Thursday, January 19, 2012

LPC Approves New 30 Henry Street Design in Brooklyn Heights

The Landmarks Preservation Commission (LPC) yesterday approved a revised design for the "boring" five-story building (above right) proposed for 30 Henry Street in Brooklyn Heights. The current building (above left), constructed in 1963, has housed the Brooklyn Eagle and its sister publications for about a dozen years.

According to the Eagle, Brooklyn Heights Association's Jane McGroarty told the LPC on Jan. 10 that the initial design was: “a mishmash of contextualism. There is nothing special about it, nothing that represents the best of this era. It’s too restrained, too timid, the whole result is boring.”

After hearing a range of opinions that generally expressed dissatisfaction with the proposal's sheer blandness, the LPC asked the design team to consider making some additional changes. These changes were approved by a vote of 9 - 1 yesterday. (No new rendering is available yet.)

The new design is not likely to please Henrik Krogius, editor of the Brooklyn Heights Press (which has moved from 30 Henry Street to offices in DUMBO). In a comment published yesterday, Krogius says the original design 'springs from a total misunderstanding of the building’s context, as well as a total lack of design “guts.”'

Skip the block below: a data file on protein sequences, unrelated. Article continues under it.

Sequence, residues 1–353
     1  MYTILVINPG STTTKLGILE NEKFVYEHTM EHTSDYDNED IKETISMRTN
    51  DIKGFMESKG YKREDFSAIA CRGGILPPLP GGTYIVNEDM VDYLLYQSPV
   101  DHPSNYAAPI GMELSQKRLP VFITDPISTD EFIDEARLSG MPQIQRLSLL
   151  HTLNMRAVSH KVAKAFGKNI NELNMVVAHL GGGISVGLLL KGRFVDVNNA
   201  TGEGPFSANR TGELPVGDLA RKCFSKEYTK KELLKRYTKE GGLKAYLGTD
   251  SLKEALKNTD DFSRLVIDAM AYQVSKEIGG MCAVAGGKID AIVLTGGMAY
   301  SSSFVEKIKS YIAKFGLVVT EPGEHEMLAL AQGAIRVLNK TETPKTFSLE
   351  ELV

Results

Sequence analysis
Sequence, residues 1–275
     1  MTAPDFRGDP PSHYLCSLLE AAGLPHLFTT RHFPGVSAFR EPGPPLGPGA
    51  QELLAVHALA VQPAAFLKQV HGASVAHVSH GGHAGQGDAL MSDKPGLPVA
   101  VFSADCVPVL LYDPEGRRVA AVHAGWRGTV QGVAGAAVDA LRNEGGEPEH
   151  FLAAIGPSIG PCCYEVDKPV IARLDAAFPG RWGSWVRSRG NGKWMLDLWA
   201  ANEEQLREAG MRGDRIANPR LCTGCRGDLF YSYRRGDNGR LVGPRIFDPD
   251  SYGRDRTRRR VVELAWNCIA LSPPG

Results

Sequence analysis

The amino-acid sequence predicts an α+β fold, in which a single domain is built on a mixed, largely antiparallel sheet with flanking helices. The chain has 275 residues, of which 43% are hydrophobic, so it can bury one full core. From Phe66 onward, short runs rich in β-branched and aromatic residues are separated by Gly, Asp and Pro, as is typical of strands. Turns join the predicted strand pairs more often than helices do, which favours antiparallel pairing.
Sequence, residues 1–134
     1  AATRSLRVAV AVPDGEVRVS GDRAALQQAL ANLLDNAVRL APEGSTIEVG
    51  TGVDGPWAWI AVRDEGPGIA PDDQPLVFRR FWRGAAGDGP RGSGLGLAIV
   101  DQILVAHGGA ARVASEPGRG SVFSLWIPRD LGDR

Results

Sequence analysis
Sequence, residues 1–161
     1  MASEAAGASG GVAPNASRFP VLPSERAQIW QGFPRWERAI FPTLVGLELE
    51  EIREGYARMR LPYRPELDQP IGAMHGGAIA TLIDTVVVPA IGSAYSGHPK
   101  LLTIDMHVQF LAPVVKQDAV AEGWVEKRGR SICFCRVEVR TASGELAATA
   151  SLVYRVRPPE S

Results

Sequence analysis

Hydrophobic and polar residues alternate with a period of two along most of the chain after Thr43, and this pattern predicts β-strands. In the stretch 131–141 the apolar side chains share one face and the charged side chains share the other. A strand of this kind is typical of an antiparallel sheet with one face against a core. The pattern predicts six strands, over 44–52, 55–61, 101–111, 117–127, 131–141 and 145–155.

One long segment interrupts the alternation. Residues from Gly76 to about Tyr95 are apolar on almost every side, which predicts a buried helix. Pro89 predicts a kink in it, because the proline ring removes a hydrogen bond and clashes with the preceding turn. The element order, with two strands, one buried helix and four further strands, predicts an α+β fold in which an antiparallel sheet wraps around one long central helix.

Curious to see what changes spurred the LPC to approve the design.

- A Century of Changes at 30 Henry Street, Brooklyn Heights

- Photo of present-day Brooklyn Eagle courtesy of Property Shark
- Rendering of proposed condo courtesy of BKSK via Brownstoner

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Anonymous said...

I wonder what the changes are too. Such a lazy original design put forth on the first round. I would think they got the intern from the suburbs to draw it up.

Anonymous said...

Briefly saw the new design. Hard to see any difference.